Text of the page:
Master game developer, Ron Gilbert, shares his experiences and his insights into the then, the now, and the what will become of gaming
How did you end up in the gaming industry?
When I first learned how to program (I was probably 12 or 13) I taught myself by going down to the local arcade (remember those), taking notes on the games and then coming home and trying to program them on my computer. Programming for me was always about making games.
When the Commodore 64 came out, I loved the graphics that it had, but the BASIC language it came with had no commands to access them, so I disassembled the ROM and figured out how to patch the BASIC language in ASM and extend it. I called my extension Graphics BASIC. I sold it to a small software company in San Fransisco called Hesware, and they offered me a job. I worked there making games for about 6 months and then they went out of business. A few months after that, Lucasfilms called me because they were looking for a Commodore 64 programmer.]
In your opinion, why did quest games disappear over time?
They didn’t really disappear. Adventure games sell the same today as they did back in 1990, the problem is everything else is selling a thousand times more, so it seems like adventure games are dead. But that’s changing…a lot more causal people are playing games these days thanks to things like the iPhone, and adventure games are very well suited for them.
How do you think mobile apps have affected the gaming industry so far?
They have radically changed it. It will never be the same. What mobile gaming has done is rip all the power away from huge publishers like EA and Activision. A small team of indie developers can make a game, publish it and sell 2,000,000 copies. Never before would that have been possible. It’s disrupting the power base…always a good thing.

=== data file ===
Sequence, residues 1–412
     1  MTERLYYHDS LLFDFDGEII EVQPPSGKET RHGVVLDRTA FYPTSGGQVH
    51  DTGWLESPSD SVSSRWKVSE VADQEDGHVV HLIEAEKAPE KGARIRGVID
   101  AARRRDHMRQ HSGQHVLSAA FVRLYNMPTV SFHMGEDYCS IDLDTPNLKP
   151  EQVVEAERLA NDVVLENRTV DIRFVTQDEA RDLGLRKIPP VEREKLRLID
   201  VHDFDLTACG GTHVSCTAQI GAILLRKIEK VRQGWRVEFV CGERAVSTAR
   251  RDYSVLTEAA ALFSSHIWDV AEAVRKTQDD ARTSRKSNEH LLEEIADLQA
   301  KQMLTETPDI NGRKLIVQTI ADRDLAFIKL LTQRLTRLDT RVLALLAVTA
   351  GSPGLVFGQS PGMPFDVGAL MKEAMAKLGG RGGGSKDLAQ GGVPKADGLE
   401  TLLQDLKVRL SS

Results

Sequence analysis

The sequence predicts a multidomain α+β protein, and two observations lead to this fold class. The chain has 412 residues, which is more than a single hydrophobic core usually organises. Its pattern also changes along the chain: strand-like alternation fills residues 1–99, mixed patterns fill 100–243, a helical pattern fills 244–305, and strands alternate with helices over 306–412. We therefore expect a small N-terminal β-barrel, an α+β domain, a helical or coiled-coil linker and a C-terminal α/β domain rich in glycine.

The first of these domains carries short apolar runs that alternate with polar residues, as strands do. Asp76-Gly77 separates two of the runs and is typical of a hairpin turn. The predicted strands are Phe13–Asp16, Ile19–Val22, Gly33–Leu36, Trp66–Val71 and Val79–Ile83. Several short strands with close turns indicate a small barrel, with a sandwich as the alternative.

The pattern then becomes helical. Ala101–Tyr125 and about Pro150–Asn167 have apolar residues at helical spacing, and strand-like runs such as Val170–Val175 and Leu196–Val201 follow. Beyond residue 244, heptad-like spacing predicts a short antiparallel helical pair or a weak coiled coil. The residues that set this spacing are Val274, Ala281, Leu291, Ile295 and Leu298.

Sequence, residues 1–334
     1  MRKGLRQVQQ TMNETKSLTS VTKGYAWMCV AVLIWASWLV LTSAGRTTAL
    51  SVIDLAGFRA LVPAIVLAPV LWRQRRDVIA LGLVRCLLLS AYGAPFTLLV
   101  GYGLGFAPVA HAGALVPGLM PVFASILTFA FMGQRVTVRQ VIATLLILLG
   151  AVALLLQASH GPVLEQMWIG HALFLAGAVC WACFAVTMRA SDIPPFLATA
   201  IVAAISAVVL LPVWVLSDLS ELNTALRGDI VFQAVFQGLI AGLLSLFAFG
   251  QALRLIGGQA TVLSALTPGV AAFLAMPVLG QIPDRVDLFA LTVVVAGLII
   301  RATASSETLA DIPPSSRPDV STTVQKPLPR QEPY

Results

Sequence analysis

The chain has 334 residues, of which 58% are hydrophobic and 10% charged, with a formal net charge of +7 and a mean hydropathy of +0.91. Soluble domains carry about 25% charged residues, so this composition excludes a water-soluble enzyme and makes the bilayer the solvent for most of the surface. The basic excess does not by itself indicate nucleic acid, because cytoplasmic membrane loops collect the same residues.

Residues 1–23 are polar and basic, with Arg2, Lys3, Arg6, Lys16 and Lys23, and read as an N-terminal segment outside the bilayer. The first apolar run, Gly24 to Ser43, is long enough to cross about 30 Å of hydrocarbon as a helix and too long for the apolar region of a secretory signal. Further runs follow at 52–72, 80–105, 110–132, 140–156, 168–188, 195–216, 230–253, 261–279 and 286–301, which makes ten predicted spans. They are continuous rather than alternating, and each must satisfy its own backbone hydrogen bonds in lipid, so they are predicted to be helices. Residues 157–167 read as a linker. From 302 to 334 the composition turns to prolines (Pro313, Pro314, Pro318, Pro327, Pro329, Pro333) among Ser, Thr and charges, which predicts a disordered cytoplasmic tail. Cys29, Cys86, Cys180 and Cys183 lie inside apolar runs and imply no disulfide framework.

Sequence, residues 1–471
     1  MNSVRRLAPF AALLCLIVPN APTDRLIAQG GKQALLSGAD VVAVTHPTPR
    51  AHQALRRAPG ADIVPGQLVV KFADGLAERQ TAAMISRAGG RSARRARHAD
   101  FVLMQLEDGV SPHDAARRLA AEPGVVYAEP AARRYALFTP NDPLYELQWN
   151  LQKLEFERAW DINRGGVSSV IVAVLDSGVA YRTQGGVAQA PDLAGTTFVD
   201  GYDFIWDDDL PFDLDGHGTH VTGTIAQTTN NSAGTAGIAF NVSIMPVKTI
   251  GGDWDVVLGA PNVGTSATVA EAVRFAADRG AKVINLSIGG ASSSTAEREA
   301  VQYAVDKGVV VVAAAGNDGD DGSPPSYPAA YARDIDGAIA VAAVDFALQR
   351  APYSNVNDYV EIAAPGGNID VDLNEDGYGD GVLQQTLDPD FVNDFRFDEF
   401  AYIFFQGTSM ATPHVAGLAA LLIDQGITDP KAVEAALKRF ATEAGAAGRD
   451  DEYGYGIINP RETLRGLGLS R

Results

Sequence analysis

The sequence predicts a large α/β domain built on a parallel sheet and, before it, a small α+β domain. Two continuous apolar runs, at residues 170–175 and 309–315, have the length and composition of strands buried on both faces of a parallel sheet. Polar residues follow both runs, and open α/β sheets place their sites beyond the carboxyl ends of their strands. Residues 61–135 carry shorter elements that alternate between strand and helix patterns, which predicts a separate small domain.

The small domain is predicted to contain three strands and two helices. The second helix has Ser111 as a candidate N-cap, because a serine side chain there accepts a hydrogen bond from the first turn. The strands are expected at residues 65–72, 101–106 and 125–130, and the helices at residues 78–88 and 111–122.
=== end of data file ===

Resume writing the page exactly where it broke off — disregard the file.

In your opinion, what gaming demands were mobile applications able to replace? What was missing for the gamers that made the mobile gaming industry explode?
It’s not what was missing for gamers, it’s what was missing for 100,000,000 other people that didn’t game. Mobile gaming gave them a reason to game.
You managed to raise over $3M with your Kickstarter project. In your opinion, how did that happen, and how can others mimic that kind of success?
I don’t really know. I think it was just a perfect storm of events. One thing I would point to is the videos. We (or I should say Tim and 2player) did a lot of them and spent a lot of time making sure there were really good. It got people excited.
What kind of projects do you think can benefit the most from Kickstarter and other similar sites?
Games and game generas that are having trouble finding a mainstream audience, but have a strong niche or cult following. Or ideas that are completely off the wall.
What can you tell us about the new game you’re working on (With the DoubleFine team)?
Can’t say much about it, but we will be announcing it soon.
What’s your all-time favorite game (You own, or one that was made by others)?
World of Warcraft, although I forced myself to stop playing it 4 months ago. I also love Animal Crossing.
How do you come up with ideas for new quest games?
Don’t know. They slowly form over many years of thinking about ideas and stories. Monkey Island was an idea that I played with in my head for years before it formed into something that I could finally make. I have a constant stream is odd story ideas floating around in my head. Most of them will die a quiet death, but others just never go away. The game I’m working on now at DoubleFine was an idea I had back in 1985. Every few years it would pop back into my head, but then about a year ago something about it clicked and it was time to make it.
How do you think the gaming industry will evolve over the next few years? (Fund raising, demands, operations and such)
Mobile (I hate that word) gaming really has changed things, but that too will change. Who knows where it will go? But that’s one of the things that makes making games so much fun. It’s a rapidly changing field, both creatively and business wise. Compare that to the movie business. It hasn’t really changed that much in 50 years. Sure, technology has changed, but movies are basically made the same way today as they were in the 1960s.
If you could give one tip to the aspiring game developer, what would it be?
Embrace failure. We learn far more from our mistakes than our successes. If you’re failing it means you’re trying new things and pushing yourself to be better.